Sounds of the Universe:
April 21, 2009
(Mute/EMI) (2.5 out of 4)
influence looms incredibly large at the moment, so there's little need for the band to
over-exert itself in pursuit of cool.
Instead, in fact, the long-in-the-tooth synth-pop trio effortlessly maintains its dignity
on Sounds of the Universe, its 12th studio album, simply by acting its age and oozing the
confidence of already knowing it's cool. Call it "Adult Goth," if you will, but
this stylishly sedate set succeeds more consistently than the group's lively 2005 return
to form, Playing the Angel, by offering a high-toned, mature refinement of its
This doesn't mean that resident beatmakers Martin Gore and Andy Fletcher haven't kept up
with the times, tech-wise. They ably bridge the gap between the `80s and the present,
marrying the supple sounds of au courant Berlin to a shiny Krautrock chug on "Fragile
Tension" and practically begging for a nu-trance remix job on the weightless "In
Sympathy." Most of the album is as slow to sink in as it is deliberately paced, but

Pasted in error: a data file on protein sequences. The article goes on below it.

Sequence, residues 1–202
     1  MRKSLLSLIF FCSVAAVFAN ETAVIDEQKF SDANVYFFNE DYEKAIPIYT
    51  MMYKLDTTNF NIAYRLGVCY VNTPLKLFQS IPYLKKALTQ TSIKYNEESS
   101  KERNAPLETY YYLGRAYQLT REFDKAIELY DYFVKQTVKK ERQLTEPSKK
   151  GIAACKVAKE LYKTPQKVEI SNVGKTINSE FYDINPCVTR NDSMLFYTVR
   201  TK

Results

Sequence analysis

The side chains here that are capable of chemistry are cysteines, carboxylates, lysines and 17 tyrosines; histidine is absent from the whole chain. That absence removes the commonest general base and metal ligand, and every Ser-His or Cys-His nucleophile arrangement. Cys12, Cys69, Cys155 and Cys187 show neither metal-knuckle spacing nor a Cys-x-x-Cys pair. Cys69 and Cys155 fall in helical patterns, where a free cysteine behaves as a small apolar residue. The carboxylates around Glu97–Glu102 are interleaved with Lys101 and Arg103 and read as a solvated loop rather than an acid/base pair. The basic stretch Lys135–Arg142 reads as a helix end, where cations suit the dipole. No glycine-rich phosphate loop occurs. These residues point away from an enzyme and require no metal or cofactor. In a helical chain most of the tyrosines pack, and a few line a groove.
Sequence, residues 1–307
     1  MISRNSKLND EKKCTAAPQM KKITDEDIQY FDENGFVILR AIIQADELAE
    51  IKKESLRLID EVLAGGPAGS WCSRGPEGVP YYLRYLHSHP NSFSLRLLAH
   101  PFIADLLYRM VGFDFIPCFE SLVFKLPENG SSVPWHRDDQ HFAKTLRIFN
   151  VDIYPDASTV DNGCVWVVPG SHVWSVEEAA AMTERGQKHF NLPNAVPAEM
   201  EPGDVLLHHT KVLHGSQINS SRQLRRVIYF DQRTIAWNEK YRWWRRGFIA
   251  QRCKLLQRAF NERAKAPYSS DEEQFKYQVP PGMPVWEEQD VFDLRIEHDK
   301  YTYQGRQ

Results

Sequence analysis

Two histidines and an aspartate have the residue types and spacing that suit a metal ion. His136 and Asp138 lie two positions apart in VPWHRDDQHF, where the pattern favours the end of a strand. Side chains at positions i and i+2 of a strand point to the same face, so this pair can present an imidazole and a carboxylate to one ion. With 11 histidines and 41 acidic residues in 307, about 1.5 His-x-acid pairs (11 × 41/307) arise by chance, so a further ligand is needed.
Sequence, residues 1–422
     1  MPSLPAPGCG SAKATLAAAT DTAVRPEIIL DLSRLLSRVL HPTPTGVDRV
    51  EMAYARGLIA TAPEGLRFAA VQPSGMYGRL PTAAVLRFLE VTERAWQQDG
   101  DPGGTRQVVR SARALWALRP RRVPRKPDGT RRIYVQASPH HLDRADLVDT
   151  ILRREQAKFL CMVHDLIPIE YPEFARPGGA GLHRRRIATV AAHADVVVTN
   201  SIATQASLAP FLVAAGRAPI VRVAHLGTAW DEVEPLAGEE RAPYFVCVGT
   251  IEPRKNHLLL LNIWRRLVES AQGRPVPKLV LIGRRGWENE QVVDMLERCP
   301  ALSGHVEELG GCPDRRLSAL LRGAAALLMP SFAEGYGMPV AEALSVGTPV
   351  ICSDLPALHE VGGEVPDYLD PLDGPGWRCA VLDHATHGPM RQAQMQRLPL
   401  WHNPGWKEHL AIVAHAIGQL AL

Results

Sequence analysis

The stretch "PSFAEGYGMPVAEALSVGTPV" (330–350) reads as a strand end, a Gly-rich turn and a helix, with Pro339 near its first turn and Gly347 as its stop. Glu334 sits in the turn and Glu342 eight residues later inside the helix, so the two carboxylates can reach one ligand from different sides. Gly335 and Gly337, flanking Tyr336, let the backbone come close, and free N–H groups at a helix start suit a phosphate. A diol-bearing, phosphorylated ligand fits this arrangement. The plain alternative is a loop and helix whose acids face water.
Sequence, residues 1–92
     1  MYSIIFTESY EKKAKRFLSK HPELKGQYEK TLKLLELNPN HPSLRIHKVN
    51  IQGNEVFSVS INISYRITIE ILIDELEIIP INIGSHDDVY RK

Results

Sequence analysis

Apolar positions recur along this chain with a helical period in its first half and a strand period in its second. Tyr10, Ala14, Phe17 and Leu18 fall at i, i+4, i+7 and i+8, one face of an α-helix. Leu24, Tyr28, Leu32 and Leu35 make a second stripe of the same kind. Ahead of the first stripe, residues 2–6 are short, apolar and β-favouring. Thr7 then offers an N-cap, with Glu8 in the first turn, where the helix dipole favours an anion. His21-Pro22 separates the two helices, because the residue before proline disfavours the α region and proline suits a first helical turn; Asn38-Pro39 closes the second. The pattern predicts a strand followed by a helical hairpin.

it's usually the sumptuous, artfully asymmetrical and utterly modern programming to such
tunes as the snake-hipped future-cabaret vamp "Little Soul" that draws you back
to investigate the less pronounced hooks. The lyrics seem like afterthoughts, whether Gore
is putting vapid verses like "There's a dizzying feeling/ That's keeping us flying/
Through glittering galas/ Without even trying" in singer Dave Gahan's mouth or Gahan
is fumbling his way further forward on his own in the art of songwriting a pastime
he only took up recently. Still, Gahan's menacingly sexy "Miles Away/ The Truth
Is" is the most striking cut here, a sickly cousin to "Personal Jesus"
that, along with the nihilistic closer "Corrupt," more than makes up for Sounds
of the Universe's plodding latter half.
Top Track: "Miles Away/ The Truth Is." It couldn't be anyone other than Depeche
Mode, but at least it's a fairly fresh take.